MySpace has data-mining plans
Social networking site MySpace has launched an initiative to capture personal information from the profile pages and blogs of its 110 million active users, and then use that to target ads. This news was announced to investors on September 18 during the quarterly investor conference, a company spokesperson confirmed. According to the spokesman the company has not issued a statement about this news to press and would not comment further. Other MySpace representatives also did not return calls.
This has not stopped others in the industry from speculating on what this change could mean for MySpace and online advertising at large. According to Perry Solomon, vice president of business development and general manager of data mining services provider Media Solutions, FAST Searchá& Transfer, MySpace may be able to almost double its revenue, from $40 million a month to $70 million a month, thanks to the data mining solution.
"We've moved from the æbuild it and they will come' stage to the æthey are here, let's understand what they like and deliver it while making money' stage," Solomon said.
He said that MySpace may use targeting tools to add value to the user experience, suggesting that allowing users who don't want to participate the choice to opt out would be important to maintaining a level of user control and privacy.
"Members of MySpace communities won't have a problem with this," Solomon predicted. "In fact, they will probably benefit. If they are willing to be marketed to, provided the marketing is relevant, this all becomes part of their conversations and adds value to the experience."
There is a tremendous amount of insight from the collective user data on social networking sites, such as MySpace. The information users post about themselves, their likes and dislikes and how and where they spend their time and money, can all be mined and used for improved targeting, according to Solomon.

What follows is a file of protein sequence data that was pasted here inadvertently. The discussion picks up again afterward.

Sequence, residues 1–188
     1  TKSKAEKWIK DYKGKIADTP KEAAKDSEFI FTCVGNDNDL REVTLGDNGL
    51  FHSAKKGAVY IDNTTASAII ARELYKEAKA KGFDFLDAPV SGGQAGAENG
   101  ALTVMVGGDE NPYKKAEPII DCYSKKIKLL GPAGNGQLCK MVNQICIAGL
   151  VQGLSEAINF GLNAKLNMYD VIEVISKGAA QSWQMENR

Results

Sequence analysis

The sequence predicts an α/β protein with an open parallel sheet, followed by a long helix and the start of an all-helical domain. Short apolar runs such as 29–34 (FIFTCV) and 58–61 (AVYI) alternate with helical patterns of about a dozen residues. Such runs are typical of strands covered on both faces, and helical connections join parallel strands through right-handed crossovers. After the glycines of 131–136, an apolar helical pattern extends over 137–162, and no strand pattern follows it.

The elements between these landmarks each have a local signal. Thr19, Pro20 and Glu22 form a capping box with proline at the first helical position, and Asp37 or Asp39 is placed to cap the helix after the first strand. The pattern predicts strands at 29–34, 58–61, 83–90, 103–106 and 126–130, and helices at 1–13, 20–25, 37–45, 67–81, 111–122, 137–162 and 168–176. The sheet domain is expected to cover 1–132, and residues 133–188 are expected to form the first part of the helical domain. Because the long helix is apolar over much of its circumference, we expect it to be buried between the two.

"MySpace's strategy, along with the other social networking sites, is to move from being a content-aggregation site - which is what the social networking sites are - to a hub of content, community and commerce," he told DM News. "Today, they provide tools and environments to build community and aggregate content. Now the challenge is to mine that community and add value to the experience by adding information to help members do more."
For media companies with a loyal user base and great content, there is a great opportunity to build stronger communities around users, and then monetize those communities by delivering relevant, targeted advertising, content promotions and offers, upsells to subscriptions or premium offers and related e-commerce offers. Solomon said there should be no challenges, provided the social networking operators deliver messages that are relevant.
A key requirement for these social networking sites is to have a strong technology foundation that can draw insight from these community members' feedback, their aggregate behavior across the community, and deliver targeted, relevant advertising, offers and introductions.
"Users will benefit if they receive information which is relevant and addresses their needs," Solomon said. "If the targeting is effective, users will see messages that address what they like, messages with which they can engage." n